Passport

Kenya’s Cheapskate Olympic Committee Strands its Team in Rio

The Kenyan Olympic Committee organized a disastrous appearance at the Rio games.

ATHENS - AUGUST 24:  Gold medalist Ezekiel Kemboi of Kenya, silver medalist Brimin Kipruto of Kenya (R) and bronze medalist Paul Kipsiele Koech of Kenya celebrate on the podium during the medal ceremony of the 3,000 metre steeplechase medal ceremony on August 24, 2004 during the Athens 2004 Summer Olympic Games at the Olympic Stadium in the Sports Complex in Athens, Greece..  (Photo by Adam Pretty/Getty Images)
ATHENS - AUGUST 24: Gold medalist Ezekiel Kemboi of Kenya, silver medalist Brimin Kipruto of Kenya (R) and bronze medalist Paul Kipsiele Koech of Kenya celebrate on the podium during the medal ceremony of the 3,000 metre steeplechase medal ceremony on August 24, 2004 during the Athens 2004 Summer Olympic Games at the Olympic Stadium in the Sports Complex in Athens, Greece.. (Photo by Adam Pretty/Getty Images)

Kenya took home more medals at the 2016 Rio Olympics than any other African country, but that apparently that wasn’t enough for its Olympic Committee to dish out the cash to bring its athletes home to celebrate.

According to Wesley Korir, an Olympic marathoner who doubles as a lawmaker, Kenyan athletes are still stranded in Rio de Janeiro because the National Olympic Committee extended their stay to “find cheap flights.”

In a days-long rant on Twitter this week, Korir said they were moved out of the Olympic Village when it closed and put into housing where they could hear gunshots and were urged not to go outside.

The only Kenyan athletes who have returned home are reportedly the ones who paid their own way back, and Kenyan media has reported that they are avoiding public celebrations of their successes to protest managers of their Olympic committee.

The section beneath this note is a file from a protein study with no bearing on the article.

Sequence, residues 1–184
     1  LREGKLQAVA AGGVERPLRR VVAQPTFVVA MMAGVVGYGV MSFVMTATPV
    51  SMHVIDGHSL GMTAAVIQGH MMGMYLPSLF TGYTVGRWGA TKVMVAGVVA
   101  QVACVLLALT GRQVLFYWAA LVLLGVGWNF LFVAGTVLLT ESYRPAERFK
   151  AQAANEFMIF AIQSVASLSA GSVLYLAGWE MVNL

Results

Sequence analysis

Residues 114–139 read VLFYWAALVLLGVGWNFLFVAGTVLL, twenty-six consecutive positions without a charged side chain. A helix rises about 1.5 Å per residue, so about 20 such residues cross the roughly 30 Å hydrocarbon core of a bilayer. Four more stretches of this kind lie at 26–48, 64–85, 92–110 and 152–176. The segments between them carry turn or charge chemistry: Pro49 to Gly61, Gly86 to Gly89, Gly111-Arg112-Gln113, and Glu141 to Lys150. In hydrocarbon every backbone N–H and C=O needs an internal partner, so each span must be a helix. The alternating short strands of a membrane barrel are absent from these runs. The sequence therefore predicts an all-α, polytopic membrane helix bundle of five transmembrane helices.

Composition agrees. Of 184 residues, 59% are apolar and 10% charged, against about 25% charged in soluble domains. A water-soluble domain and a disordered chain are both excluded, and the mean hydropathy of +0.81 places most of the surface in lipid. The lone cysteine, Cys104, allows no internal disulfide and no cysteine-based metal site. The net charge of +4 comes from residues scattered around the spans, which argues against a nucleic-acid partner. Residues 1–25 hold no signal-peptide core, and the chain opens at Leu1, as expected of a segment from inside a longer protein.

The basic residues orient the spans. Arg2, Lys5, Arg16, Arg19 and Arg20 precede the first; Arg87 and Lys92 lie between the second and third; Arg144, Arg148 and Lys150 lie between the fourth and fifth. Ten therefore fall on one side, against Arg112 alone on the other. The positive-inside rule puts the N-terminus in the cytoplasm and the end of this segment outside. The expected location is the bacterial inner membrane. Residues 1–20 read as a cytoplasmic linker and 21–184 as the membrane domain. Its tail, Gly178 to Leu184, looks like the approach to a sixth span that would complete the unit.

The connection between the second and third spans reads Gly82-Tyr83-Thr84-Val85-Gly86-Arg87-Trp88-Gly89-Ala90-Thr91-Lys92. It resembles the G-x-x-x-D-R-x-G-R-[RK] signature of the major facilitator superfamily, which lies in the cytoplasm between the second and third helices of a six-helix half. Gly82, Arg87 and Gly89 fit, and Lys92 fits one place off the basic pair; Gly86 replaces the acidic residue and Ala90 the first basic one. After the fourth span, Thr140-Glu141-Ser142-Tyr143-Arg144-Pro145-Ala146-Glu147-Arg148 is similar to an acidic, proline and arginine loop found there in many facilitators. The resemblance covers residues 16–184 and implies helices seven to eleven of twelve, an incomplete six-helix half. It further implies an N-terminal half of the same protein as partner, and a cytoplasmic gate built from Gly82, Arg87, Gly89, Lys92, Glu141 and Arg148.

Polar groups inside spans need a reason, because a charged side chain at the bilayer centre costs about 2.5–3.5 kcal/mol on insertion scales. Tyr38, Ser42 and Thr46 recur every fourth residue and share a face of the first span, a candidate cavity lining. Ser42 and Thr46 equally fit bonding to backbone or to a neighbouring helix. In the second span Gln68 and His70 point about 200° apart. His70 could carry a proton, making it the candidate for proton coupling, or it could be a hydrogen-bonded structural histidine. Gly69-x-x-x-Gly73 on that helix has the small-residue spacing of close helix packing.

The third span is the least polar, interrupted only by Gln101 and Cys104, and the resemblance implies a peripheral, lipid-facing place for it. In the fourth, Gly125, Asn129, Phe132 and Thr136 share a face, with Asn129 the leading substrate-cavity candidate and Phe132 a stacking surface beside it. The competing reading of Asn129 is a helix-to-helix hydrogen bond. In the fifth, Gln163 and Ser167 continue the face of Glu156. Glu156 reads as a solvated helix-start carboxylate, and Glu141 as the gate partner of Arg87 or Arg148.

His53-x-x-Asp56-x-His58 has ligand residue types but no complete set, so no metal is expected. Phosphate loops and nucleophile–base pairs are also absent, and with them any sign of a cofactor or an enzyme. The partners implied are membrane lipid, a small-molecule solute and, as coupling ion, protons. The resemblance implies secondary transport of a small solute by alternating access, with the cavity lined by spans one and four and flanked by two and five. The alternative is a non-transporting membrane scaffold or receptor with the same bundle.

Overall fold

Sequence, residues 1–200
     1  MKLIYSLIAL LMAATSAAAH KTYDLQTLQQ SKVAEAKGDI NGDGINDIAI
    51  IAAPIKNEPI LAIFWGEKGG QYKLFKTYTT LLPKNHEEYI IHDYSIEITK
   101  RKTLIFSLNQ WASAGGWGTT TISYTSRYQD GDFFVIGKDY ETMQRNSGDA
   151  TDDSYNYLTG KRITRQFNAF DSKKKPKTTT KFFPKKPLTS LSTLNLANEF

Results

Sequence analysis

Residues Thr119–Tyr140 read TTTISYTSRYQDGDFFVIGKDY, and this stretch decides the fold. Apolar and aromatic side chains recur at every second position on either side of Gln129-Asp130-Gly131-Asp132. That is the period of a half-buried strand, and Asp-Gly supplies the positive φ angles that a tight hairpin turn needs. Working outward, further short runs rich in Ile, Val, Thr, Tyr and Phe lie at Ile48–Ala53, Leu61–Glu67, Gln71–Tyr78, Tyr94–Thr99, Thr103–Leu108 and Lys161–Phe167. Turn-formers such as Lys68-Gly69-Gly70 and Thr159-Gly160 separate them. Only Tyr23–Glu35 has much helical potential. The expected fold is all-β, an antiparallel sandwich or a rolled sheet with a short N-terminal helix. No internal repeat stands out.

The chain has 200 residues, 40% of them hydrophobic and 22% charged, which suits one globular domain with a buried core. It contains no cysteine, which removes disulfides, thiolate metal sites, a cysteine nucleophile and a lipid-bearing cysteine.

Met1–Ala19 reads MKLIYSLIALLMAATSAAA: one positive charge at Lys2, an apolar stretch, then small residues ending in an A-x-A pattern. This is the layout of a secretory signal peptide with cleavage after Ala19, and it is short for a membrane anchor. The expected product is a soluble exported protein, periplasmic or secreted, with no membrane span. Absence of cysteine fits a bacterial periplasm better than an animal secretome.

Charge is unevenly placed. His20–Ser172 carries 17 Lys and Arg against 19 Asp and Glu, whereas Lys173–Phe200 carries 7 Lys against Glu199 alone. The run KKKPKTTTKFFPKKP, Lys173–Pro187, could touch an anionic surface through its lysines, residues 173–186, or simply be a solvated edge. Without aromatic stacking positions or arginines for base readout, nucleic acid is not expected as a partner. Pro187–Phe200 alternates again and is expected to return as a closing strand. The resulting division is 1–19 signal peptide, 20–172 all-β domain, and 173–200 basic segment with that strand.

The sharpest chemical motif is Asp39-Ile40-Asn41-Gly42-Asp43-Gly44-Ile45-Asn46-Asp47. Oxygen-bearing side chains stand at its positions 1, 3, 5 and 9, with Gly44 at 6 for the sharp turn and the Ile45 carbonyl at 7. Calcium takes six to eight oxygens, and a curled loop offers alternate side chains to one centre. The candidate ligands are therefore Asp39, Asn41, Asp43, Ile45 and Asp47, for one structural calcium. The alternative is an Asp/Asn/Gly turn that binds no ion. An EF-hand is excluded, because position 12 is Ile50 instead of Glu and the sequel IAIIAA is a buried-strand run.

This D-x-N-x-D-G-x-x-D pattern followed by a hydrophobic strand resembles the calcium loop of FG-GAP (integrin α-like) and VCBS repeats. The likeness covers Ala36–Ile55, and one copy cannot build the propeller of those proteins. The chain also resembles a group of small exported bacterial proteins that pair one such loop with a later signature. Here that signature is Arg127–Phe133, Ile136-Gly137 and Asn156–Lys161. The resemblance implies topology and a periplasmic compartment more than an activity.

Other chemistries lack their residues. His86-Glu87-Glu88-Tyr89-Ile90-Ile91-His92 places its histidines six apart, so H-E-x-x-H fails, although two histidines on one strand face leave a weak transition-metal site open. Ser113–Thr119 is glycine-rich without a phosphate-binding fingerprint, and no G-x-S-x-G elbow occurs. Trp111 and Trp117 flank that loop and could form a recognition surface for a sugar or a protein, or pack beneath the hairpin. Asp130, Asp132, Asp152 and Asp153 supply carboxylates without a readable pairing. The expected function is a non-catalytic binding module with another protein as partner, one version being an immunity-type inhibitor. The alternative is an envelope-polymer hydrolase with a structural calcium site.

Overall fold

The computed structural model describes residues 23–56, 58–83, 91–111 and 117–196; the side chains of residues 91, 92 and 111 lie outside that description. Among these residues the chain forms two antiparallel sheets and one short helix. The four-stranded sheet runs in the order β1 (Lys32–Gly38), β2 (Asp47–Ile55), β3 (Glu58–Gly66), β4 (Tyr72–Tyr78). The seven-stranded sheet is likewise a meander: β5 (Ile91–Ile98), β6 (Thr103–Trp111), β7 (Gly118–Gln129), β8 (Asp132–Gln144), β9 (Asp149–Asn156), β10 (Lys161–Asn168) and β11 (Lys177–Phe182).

“We don’t want people to hog publicity from our arrival when they have treated us badly,” one unidentified athlete told Kenyan newspaper the Daily Nation.

The delayed departure of medal-winning Kenyan athletes is the latest in a series of embarrassing gaffes that have shed light on the country’s poor management of its Olympic program.

Ahead of sprinter Ferguson Rotich’s race in Rio earlier this month, sprint coach John Anzrah borrowed the athlete’s identification card to get free breakfast in the athletes’ village. When an Olympic official figured he was in fact Rotich, he pulled him aside for a urine test — and the coach complied. When Rotich caught wind of what had happened, he informed the authorities and took the test himself, and Kip Keino, chairman of the National Olympic Committee of Kenya, claimed he didn’t even know Anzrah was there in the first place. That strange incident came shortly track and field manager Michael Rotich (no relation to Ferguson) offered to warn athletes if they were going to be tested for doping, for the fine sum of around $13,000 each.

Kenya has dismissed its Olympic organizing committee and ordered a probe to figure out how any of this happened at all.

Korir, the marathoning lawmaker, tweeted that he is “willing and ready” to hand in a report on the “Olympics mess” that he experienced at the hands of Kenyan officials this year.

Photo credit: Adam Pretty/Getty Images

Siobhán O’Grady is a freelance journalist working across sub-Saharan Africa. She previously worked as a staff writer at Foreign Policy. @siobhan_ogrady

Trending Now Sponsored Links by Taboola

By Taboola

More from Foreign Policy

By Taboola